South Adelaide Football Club

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South Adelaide
Full name South Adelaide Football Club
Nickname(s) The Panthers
Motto Visionary, Can-Do, United
2014 season
Leading goalkicker Brett Eddy (58)
Best and fairest Joel Cross
Club details
Founded 1876
Colours      Navy and      White
Competition South Australian National Football League (SANFL)
President Colin Francis
Coach Brad Gotch
Captain(s) Nick Murphy and Josh Thewlis
Premierships 11
1877, 1885, 1892, 1893, 1895, 1896, 1898, 1899, 1935, 1938, 1964
Ground(s) Hickinbotham Oval (capacity: 12,000)
Other information
Official website
South Adelaide Panthers Jumper.svg

The South Adelaide Football Club is an Australian rules football club that competes in the South Australian National Football League (SANFL). Known as the Panthers, their home ground is Hickinbotham Oval[1] (formerly Noarlunga Oval), located in Noarlunga Downs in the southern suburbs of Adelaide.


Nineteenth century[edit]

The South Adelaide Football Club is the second oldest football club in South Australia, and has held its colours longer than any other. South Adelaide was formed in 1875 and played their first game in June 1876, wearing blue caps and long white trousers.[2] South Adelaide was the first team to win a premiership in the (then) newly formed South Australian Football Association in 1877, and between 1892 and 1900 it won six premierships and was runner-up three times.[3] South Adelaide was led from 1888 to 1898 by captain and “proto-coach” Dinny Reedman who is generally seen as the first to view team combination and planning as a critical component of success in football. In 1896 they won sixteen and drew two of eighteen games.[4]

Decline after District Football[edit]

District football was introduced optionally in 1897 and became compulsory in 1899. This was difficult for South Adelaide, who had under Reedman obtained most of its top players from Christian Brothers College,[4] and even in 1899 when it won its sixth premiership in eight years half its side came therefrom. With the loss of Reedman and Jones to North Adelaide, and after one season goalsneak “Bos” Daly to West Torrens in 1900, the blue and whites declined steadily. This was exacerbated by the admission of Sturt in 1901. South Adelaide was runner-up in 1903 to Port Adelaide, but won only 26 and drew two of 108 games between 1906 and 1914, including a winless season in 1909 and two consecutive one-win seasons (both wins by less than a goal) in 1910 and 1911.[5] In 1915, South improved to second before lack of finals experience took its toll in the semi-final.

Following an enforced halt to SAFL football during World War I, the presence of champion defender Dan Moriarty made South highly competitive between 1919 and 1924, though it never rose above third in 1921. However, after his retirement South took four consecutive wooden spoons from 1926 to 1929 and did not finish above sixth in an eight-team competition between 1925 and 1934, winning only thirty and drawing three of 160 games. It was generally known that South had an unfairly small share of the area zoned between eight league clubs,[6] but the league committee refused to alter the status quo.

Brief Halcyon and Abrupt Fall[edit]

In response to South Adelaide’s limited metropolitan recruiting resources, the club began a concerted country recruiting campaign during the 1930s. This bore spectacular fruit between 1935 and 1940. Under coach Vic Johnson, South Adelaide after a slow start played impressive football throughout 1935 and ultimately upset Port Adelaide for its first premiership since 1899. Jack Cockburn at centre half-back was the team’s star and won the Magarey Medal. After two more seasons in the finals, South Adelaide reached a high point in 1938, losing only two games and swamping Port Adelaide with a 13-goal third quarter in the Grand Final.[7] Led by Clem Rosewarne, Max Murdy and Len Lapthorne, South averaged an amazing 132 points per game, and even without Rosewarne their attack remained extremely potent in 1939 and 1940, averaging 125 points over the minor round. The blue and whites failed badly in the 1939 finals, but won two finals before losing to Sturt in 1940.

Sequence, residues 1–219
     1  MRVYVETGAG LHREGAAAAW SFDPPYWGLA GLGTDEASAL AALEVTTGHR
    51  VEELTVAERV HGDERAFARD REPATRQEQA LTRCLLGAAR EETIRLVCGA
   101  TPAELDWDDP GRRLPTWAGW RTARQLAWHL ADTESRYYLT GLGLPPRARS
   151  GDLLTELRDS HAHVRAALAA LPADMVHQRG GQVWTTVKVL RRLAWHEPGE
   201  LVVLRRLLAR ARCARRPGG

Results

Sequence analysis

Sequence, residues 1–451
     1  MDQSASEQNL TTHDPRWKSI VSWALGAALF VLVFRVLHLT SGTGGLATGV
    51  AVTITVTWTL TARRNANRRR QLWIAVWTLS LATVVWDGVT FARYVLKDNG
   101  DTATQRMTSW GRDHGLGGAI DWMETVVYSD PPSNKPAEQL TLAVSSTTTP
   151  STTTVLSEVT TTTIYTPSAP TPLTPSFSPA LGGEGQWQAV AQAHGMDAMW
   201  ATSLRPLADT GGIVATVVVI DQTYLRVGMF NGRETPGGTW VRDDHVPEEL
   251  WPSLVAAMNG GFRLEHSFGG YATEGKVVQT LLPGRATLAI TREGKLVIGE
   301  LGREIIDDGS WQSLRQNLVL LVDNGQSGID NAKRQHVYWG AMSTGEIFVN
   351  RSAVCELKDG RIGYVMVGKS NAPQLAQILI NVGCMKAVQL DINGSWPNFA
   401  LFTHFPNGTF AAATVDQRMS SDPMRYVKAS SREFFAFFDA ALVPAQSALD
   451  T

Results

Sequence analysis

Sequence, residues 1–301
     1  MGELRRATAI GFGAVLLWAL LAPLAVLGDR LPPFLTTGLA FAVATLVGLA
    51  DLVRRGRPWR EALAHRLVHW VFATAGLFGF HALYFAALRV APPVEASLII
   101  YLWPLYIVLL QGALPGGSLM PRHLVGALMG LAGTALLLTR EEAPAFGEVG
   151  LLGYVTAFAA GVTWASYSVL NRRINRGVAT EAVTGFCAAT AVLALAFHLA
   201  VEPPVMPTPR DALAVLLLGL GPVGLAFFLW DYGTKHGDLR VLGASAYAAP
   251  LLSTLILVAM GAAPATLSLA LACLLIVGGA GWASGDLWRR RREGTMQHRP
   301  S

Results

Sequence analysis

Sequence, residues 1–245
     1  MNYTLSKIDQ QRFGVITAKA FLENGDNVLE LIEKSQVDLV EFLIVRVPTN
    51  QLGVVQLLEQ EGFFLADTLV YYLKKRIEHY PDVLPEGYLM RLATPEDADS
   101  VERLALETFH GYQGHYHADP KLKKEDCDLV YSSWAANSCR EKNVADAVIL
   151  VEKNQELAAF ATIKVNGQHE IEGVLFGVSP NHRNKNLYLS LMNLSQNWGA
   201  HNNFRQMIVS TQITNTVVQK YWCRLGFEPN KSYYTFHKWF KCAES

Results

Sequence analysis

1941 saw South slip to fifth with only six wins, but that could hardly have prepared them for the experiences of the following two decades after full-scale football resumed after World War II.[8] Between 1947 and 1951 South won only seven games out of eighty-six, and from 1945 to 1963 South never won more than six games in a season, nor finished above any rival except Glenelg and Sturt. Other clubs with greater financial resources duplicated South’s 1930s country recruiting campaigns and the club turned over coaches at an extraordinary rate. Eight coaches were employed in nine seasons from 1953 to 1961: even a spell by Port Adelaide legend “Fos” Williams in 1960 failed to raise them above second last, and neither did the adoption of the club’s current nickname “The Panthers” in 1957[9]

Kerley and Another Decline[edit]

In 1959, after doubting whether the club was viable as a league team, the SANFL granted South Adelaide a substantial area of newly developing southern Adelaide suburbs. During the early 1960s it became apparent that South Adelaide, though only marginally better statistically than the dreadful late 1940s and early 1950s teams, was possessed of enough talent to move beyond the bottom couple of placings. In 1963, South Adelaide sought the services of proven West Adelaide player/coach Neil Kerley after he was controversially sacked by the Bloods, and despite being sceptical Kerley did accept and put the team on an intense training schedule during the 1963/1964 off-season.[6]

South Adelaide rose rapidly in 1964, losing only three minor round games before defeating Port Adelaide by 27 points in the Grand Final. It remained prominent for the remaining two years of Kerley’s stint but failed to make the grand final. However, under champion player Peter Darley as captain-coach the Panthers declined very quickly owing to the loss of key followers Kerley and David Kantilla,[10] winning only two games in 1969 for another wooden spoon and not improving until another renowned coach in Haydn Bunton, Jr. took over the reins in 1975. Under Bunton, the Panthers, playing fast, skilful football firmly rooted in the South “tradition”,[6] contested the major round for the first time in eleven years in 1977 and reached the Grand Final in 1979. However, on an appallingly windy day and muddy ground the experienced Port Adelaide, aided by winning the toss, were too good, winning 9-9 (63) to 3-14 (32). The Panthers fluctuated in yo-yo fashion under Bunton, never playing in two consecutive finals series before he departed to return to Subiaco after a sabbatical at the end of 1982.